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Raptors begin training with 18th Wing

  • Published
  • By Tech Sgt. Rey Ramon
  • 18th Wing Public Affairs
F-22 Raptors took to the skies here Jan. 14 as the 27th Expeditionary Fighter Squadron began flight operations with the 18th Wing. The Raptors will spend the next several months conducting air combat training alongside Kadena's F-15s and will work to integrate with all of the aircraft assigned to the 18th Wing as well as other U.S. military services. 

The Raptors are operating out of Kadena as part of a routine PACOM theater security package deployment to the Pacific region. 

"The F-22 Raptors are here to demonstrate our commitment to Japan and to the Pacific region with our unique capabilities," said Lt. Col. Lance Pilch, 27th Expeditionary Fighter Squadron commander. "With the best team of operators and maintainers in the world, we are trained to meet any challenge." 

The F-22 provides asymmetric advantages over other aircraft through a combination of stealth, precision, super cruise, and maneuverability. This air superiority fighter also has integrated avionics that give it a level of situational awareness never before seen in a fighter aircraft, said Colonel Pilch.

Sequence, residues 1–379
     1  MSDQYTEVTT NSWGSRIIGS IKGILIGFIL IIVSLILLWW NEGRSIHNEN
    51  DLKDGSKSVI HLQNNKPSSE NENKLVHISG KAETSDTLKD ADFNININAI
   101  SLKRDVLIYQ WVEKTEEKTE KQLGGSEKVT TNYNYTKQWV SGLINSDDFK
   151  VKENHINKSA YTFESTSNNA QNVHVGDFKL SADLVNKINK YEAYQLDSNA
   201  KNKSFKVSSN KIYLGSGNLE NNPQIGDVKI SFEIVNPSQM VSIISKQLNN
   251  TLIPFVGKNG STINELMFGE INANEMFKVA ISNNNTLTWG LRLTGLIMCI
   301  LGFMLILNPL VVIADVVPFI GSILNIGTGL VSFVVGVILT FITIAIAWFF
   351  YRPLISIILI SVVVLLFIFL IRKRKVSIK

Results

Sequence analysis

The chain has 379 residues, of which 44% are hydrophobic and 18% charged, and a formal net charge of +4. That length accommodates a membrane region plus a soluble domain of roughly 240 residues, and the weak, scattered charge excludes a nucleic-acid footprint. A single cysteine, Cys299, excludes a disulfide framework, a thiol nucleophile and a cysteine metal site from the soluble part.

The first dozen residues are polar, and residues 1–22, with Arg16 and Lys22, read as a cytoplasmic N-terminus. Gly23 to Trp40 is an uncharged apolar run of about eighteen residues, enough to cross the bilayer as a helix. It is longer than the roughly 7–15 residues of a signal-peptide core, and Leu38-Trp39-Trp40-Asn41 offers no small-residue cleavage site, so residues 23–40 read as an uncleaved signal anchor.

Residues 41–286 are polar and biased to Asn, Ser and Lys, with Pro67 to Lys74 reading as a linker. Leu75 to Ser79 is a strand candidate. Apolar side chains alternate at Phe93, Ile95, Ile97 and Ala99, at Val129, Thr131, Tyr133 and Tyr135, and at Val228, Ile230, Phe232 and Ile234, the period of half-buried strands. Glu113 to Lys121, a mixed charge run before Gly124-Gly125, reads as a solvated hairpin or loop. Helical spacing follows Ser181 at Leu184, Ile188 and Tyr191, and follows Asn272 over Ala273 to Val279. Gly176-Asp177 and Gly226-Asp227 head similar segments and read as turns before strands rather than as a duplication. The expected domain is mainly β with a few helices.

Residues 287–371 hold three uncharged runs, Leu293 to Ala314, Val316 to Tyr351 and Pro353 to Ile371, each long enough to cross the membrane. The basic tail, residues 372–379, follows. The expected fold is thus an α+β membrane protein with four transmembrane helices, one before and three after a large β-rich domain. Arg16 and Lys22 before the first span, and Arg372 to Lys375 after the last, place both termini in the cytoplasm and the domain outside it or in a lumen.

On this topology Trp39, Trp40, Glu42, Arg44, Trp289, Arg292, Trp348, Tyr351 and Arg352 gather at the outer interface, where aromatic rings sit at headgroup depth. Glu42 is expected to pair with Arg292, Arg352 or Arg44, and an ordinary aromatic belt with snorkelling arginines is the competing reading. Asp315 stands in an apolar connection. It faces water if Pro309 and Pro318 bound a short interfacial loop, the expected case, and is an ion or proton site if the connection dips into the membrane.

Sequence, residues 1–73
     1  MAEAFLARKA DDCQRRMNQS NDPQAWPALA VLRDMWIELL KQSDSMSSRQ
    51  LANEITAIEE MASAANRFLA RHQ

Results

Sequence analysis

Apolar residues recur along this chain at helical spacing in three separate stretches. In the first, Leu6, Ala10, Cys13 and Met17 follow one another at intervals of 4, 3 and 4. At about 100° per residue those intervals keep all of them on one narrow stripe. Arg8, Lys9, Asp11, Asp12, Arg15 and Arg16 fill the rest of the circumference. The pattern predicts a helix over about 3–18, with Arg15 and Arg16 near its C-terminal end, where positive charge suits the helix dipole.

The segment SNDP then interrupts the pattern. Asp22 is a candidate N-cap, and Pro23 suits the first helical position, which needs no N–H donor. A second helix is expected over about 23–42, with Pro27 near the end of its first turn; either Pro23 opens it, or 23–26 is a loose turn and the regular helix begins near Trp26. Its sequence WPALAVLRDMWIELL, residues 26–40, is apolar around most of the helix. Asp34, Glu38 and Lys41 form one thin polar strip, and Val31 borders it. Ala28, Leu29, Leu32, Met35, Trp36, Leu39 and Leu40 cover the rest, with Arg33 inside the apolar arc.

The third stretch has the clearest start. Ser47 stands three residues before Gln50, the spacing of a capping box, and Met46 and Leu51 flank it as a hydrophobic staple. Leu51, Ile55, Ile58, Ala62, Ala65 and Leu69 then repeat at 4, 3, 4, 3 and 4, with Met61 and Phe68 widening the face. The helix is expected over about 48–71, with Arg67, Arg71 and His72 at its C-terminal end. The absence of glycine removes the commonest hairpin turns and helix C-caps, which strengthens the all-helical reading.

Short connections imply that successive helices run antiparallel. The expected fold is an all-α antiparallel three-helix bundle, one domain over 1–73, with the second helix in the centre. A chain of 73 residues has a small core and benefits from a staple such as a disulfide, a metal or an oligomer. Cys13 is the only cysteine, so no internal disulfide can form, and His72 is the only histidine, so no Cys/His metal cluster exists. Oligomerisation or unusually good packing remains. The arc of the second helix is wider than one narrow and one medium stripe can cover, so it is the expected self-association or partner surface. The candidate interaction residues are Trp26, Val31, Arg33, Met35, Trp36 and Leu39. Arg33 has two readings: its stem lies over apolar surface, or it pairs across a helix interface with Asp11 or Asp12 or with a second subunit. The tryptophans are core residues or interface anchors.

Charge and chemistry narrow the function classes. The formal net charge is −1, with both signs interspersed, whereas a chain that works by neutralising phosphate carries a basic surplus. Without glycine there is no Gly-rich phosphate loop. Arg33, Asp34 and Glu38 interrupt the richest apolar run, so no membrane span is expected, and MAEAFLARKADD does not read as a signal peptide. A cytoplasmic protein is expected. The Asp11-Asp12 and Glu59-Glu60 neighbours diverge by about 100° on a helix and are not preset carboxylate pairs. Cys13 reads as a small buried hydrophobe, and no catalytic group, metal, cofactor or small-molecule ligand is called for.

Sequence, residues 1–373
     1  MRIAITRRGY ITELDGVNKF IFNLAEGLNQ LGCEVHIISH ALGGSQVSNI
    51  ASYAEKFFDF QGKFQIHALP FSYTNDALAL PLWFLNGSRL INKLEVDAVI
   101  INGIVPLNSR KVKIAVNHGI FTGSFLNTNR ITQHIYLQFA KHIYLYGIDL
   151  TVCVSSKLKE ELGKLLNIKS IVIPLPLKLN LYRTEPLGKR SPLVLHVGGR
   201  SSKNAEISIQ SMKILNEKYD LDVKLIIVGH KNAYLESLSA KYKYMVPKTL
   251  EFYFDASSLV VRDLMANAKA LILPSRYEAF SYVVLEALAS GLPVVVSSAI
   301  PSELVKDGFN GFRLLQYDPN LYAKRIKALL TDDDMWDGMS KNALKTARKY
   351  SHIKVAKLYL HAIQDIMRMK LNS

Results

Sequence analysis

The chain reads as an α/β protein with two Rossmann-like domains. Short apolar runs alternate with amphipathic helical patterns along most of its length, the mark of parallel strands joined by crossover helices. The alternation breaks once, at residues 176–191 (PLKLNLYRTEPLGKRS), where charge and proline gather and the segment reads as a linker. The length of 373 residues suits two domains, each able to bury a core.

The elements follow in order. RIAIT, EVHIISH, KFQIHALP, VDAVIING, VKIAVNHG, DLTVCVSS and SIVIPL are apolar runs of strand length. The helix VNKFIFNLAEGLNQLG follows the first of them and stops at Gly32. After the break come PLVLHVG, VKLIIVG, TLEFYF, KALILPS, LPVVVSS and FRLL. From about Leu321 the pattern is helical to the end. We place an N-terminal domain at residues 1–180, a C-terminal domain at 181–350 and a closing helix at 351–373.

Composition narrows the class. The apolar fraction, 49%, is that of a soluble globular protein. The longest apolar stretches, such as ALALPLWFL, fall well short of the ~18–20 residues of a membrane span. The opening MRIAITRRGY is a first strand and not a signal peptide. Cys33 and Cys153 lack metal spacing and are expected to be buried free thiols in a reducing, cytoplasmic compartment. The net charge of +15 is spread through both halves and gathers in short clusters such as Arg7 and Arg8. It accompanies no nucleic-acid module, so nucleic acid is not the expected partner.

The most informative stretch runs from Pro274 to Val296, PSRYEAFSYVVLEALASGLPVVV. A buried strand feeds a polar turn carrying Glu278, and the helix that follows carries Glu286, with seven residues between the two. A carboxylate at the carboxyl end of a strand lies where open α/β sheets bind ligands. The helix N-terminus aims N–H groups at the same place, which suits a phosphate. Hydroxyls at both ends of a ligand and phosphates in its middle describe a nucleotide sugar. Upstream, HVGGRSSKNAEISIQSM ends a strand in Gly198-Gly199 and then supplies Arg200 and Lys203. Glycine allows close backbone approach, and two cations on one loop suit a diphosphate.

This advanced technology benefits the pilot, other aircraft operators and warfighters on the ground. 

"During our training [at Kadena], the Raptor will demonstrate its capabilities and pass that situational awareness to other fighters," said the colonel. "We can all learn from each other, combine our strengths and become a more effective joint fighting force." 

The F-15C Eagle and F-22 Raptor perform similar roles and employ the same type of weapons. However, the Raptor is able to use its stealth capability to penetrate enemy airspace and clear it for follow-on aircraft. According to Capt. Randy St. John, an F-22 pilot with the 27th Expeditionary Fighter Squadron, the Raptor can "kick down the door, sweep out all enemy aircraft and get out without being detected by the enemy." 

Capt. St. John said the Raptor deployment to Kadena demonstrates the United States commitment to the Asia-Pacific region. 

"It's an important region both for the U.S. and all of its allies - and we like to maintain a presence in the area," said Captain St. John.